Zana is Kosovo’s Selection for the Best International Film Award for 2020 Academy Awards written and directed by Antoneta Kastrati.
at Cinema Without Borders and CineEqual we had the opportunity to have a podcast interview with Antoneta Kastrati about making of Zana.
In Zana, an Albanian woman, Lume, lives with her husband, Ilir, and mother-in-law, Remzije, in their small Kosovo village. Haunted by night terrors, childless and unable to get pregnant, Lume is relentlessly pressured by Remzije to fulfill her wifely duties? if Lume cannot produce a child, her mother-in-law threatens, it will be Remzije’s responsibility to bring in a younger and more eager prospective wife for her son to consider.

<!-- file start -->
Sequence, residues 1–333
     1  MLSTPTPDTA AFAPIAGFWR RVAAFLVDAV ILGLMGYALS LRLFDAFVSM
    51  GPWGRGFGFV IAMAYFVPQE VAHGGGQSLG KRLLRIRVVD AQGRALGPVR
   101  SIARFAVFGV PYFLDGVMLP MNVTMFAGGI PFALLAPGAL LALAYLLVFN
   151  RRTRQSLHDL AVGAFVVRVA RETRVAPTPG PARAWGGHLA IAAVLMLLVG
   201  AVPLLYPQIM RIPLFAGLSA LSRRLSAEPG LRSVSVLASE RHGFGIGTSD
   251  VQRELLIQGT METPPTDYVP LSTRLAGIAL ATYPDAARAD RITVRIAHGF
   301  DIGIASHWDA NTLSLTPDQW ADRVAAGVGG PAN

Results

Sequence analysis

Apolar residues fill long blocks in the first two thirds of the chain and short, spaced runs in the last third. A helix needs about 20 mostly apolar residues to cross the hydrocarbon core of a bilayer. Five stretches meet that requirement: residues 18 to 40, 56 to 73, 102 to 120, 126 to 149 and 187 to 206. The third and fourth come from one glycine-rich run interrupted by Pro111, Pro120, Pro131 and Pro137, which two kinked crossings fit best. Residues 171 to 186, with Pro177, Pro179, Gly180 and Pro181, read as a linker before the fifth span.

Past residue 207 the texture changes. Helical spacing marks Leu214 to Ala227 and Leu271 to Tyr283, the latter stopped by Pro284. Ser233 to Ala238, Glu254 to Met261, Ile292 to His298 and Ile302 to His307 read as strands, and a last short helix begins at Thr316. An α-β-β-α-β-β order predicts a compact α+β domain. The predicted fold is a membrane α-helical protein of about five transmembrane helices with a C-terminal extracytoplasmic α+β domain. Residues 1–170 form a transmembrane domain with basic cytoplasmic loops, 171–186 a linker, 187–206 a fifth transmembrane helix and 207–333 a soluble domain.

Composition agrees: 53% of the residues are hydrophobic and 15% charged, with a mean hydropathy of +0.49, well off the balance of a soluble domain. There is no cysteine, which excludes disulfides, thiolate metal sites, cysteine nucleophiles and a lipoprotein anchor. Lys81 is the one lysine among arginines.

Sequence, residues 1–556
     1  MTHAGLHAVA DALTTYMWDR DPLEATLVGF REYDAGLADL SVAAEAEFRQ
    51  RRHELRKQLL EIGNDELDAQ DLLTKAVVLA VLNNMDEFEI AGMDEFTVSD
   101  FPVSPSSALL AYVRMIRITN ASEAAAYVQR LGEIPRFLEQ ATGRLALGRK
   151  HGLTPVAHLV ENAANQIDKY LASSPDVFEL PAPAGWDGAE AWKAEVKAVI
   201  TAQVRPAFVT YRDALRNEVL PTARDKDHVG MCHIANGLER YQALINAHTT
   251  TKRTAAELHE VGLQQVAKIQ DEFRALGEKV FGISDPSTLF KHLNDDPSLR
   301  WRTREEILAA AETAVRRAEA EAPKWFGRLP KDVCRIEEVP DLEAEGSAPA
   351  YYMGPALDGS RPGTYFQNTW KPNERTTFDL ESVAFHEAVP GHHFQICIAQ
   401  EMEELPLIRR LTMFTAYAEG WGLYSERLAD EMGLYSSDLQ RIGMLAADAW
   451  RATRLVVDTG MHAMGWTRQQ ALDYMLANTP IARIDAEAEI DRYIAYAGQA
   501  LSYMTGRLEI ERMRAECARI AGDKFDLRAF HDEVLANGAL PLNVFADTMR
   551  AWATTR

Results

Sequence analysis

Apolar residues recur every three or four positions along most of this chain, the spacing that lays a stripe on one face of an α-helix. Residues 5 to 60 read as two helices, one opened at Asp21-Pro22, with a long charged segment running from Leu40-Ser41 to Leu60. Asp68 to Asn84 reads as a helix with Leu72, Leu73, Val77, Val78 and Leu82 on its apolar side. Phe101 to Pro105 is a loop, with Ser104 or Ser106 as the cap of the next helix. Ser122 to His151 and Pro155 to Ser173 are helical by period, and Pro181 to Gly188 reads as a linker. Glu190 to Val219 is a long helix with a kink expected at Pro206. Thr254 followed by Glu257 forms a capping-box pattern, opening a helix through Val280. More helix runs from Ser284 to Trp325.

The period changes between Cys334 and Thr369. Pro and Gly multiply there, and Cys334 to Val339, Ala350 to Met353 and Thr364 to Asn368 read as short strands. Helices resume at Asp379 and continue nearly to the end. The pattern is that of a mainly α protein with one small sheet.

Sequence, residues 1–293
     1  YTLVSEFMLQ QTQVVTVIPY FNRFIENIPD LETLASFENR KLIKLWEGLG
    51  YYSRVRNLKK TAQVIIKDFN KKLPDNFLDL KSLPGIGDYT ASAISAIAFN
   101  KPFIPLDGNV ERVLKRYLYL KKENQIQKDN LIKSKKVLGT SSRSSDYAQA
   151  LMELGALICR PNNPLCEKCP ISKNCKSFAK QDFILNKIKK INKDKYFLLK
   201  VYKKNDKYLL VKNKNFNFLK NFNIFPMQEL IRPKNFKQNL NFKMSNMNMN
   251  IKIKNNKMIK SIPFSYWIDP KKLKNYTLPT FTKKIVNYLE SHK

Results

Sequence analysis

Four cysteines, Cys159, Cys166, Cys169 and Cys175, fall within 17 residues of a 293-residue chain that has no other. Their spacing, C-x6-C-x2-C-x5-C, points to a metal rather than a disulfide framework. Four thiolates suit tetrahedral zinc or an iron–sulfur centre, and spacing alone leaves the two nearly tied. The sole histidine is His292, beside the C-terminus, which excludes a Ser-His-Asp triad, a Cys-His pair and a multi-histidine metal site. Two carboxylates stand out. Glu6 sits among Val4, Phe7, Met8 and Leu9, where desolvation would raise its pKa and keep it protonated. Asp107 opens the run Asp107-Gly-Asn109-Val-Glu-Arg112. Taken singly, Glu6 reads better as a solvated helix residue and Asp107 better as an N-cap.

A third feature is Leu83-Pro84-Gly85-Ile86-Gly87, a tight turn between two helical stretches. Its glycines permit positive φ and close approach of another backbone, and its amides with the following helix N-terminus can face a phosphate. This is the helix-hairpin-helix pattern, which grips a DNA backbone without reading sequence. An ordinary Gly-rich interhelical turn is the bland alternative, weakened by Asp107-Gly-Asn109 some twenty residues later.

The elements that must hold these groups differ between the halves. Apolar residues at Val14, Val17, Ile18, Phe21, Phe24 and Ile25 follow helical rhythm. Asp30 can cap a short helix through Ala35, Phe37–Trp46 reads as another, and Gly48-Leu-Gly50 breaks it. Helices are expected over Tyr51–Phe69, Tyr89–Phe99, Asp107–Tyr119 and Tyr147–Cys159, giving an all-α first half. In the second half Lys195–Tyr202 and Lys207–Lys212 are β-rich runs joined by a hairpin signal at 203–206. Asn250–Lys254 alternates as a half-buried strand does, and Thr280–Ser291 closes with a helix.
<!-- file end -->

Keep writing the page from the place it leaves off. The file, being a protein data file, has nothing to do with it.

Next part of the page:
Bowing under the pressure of being replaced, Lume concedes to abandon modern medicine and seek the help of witch doctors and mystic healers to treat her infertility. Lume’s appointments, first to a local witch doctor and
then to a famed (and costly) televangelist healer, do seem to yield results as Lume finds herself pregnant at last. But while the family celebrates, Lume’s long-suppressed traumas from the war slowly rise to torment her again, convincing Remzije and Ilir that Lume is possessed by evil spirits, and extreme caution must be taken to protect the unborn child.
After surviving the war in the late 1990s, she began making documentary films of the issues of postwar society with her sister, Sevdije. She has a Masters in Journalism and completed the AFI Directing Workshop for Women. She has since directed a number of award winning documentaries and narrative shorts. Her most recent short She Comes In Spring premiered at Busan Film Festival. Zana is Antoneta’s debut feature film.